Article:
Chinese consumers have always been a mystery to many Western companies. Little is known about their spending behavior and buying habits. As they come of age, certain characteristics are starting to emerge. Here are five new trends of Chinese consumers:
A quintessential trait of Chinese consumers is that they are value seekers. They will search hard for the best deals, to make sure they get good value for their money. That means they will spend a lot of time researching products and comparing prices. They tend to resist impulse buying (despite some conspicuous spending), and are more likely to get cues from their friends as to which products to buy.
This trait actually applies to both high- and low-income groups, although it is more apparent in consumers with lower incomes. I know this intuitively, and from first-hand experience. Having lived in the West for over 20 years, I am still “good at saving money” (as my husband put it) when it comes to a purchase. For example, I eyed a giclee painting from ZGallerie for several months before I bought it on sale. I searched on the Internet for comparable paintings, and was willing to wait for holiday sales to make the purchase.
I am not the most frugal person you can find in the world, but like most Chinese, I am naturally good at finding good deals. Continue reading Five New Trends of Chinese Consumers
And how American companies can seize the opportunities…
The Chinese middle class is expanding rapidly, reaching 474 million this year, according to my latest calculation.
Many people may challenge this number. But it’s just arithmetic. In a recent report “Consuming China,” McKinsey indicates that 83 % of households in China’s mega cities (cities with population of over 10 million: Beijing, Chongqing, Guangzhou, Shanghai, Shenzhen, and Tianjin) and 66 % in the rest of the cities are middle class families.
By the end of 2011, China’s urban population reached 691 million. Do the simple math, and you will get the same number I got: the population of the Chinese middle class was 474 million, with 88 million living in mega cities, and 386 million in smaller cities.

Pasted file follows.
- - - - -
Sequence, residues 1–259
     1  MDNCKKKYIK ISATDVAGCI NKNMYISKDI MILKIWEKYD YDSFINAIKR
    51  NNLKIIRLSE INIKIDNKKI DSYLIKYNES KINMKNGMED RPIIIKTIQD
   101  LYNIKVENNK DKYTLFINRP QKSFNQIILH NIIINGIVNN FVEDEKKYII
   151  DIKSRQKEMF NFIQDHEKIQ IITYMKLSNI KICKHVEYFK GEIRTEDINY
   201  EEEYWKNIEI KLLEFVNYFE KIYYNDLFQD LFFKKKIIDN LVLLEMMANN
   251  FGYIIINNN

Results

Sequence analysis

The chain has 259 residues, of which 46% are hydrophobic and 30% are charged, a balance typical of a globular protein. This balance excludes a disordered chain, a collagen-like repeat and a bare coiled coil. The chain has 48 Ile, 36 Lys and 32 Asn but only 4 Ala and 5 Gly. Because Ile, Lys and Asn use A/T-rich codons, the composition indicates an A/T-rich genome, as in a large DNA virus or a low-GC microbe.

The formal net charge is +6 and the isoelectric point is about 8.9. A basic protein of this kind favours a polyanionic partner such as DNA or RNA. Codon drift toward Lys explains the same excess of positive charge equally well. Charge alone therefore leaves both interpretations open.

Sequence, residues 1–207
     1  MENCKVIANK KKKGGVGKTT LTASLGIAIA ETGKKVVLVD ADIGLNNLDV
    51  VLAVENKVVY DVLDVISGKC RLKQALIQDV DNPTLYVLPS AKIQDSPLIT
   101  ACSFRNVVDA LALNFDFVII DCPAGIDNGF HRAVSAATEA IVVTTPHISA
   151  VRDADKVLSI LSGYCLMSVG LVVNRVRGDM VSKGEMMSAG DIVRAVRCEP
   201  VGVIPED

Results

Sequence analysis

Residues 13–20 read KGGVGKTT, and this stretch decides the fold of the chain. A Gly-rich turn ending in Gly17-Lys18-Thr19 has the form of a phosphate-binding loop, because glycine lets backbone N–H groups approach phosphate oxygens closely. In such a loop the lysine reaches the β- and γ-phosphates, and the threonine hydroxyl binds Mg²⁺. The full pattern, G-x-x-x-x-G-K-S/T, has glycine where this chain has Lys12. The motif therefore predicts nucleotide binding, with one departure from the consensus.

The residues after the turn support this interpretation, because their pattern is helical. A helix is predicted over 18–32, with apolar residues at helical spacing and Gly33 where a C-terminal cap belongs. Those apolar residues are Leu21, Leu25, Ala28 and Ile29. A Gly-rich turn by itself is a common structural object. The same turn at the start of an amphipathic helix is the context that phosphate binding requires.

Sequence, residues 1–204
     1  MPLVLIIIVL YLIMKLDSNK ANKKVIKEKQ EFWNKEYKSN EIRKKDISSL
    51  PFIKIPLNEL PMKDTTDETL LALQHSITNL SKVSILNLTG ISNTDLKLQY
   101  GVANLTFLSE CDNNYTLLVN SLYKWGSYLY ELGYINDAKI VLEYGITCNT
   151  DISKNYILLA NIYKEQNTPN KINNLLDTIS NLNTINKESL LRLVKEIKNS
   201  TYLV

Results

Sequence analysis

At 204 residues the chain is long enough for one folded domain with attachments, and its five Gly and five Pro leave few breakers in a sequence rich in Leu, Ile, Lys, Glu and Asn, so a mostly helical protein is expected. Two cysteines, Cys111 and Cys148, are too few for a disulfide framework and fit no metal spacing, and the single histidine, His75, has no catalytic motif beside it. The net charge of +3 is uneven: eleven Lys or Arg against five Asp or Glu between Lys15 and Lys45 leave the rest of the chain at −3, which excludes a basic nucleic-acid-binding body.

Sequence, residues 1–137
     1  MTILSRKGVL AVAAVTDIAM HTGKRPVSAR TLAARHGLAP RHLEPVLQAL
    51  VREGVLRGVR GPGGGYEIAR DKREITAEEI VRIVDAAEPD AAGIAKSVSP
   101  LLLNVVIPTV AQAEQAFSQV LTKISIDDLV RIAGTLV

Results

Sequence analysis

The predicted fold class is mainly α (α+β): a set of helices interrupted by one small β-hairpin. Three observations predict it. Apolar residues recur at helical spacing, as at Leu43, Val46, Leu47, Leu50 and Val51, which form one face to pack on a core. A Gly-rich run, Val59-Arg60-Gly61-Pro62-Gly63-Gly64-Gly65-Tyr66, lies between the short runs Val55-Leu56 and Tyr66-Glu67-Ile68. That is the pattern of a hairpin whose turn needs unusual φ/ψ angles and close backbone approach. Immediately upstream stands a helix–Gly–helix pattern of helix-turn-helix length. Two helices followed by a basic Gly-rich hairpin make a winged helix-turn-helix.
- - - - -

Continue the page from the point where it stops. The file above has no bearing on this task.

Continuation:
This means the Chinese middle class accounts for 68 percent of urban population, which is believable to me. Assuming two percent are super rich, still about 30 percent of the people in urban areas are poor.
Some would argue that there are different criteria to measure the size of the Chinese middle class. A simple and important rule of thumb, as stated in my book The Chinese Dream, is that of a household with a third of its income for discretionary spending. These people have passed the threshold of survival and have disposable income to spend on leisure items. As I travel around China, it’s very clear to me that the majority of people in urban areas have reached this stage.
Chinese Consumers Love “Made in USA” Products
The rising Chinese middle class is the biggest story of our time. However, many US companies are missing the opportunity. US exports to China account for only 6 percent of China’s total imports. The major categories of US exports to are in industrial sectors such as power generation equipment, aircraft, and medical equipment.
The biggest opportunity, however, is in the consumer sector. On November 11, China’s “Single Day” shopping festival, online retailers Tmall (B2C) and Taobao Marketplace (C2C) generated a record revenue of $3.1 billion, more than the total sales in the U. S. on Black Friday and Cyber Monday combined. Before long, China will become the world’s largest consumer market, and its consumption could reach $13 to $16 trillion by 2020.
Better yet, Chinese consumers love American goods and are willing to pay more for them. Continue reading The Chinese Middle Class Approaches Half a Billion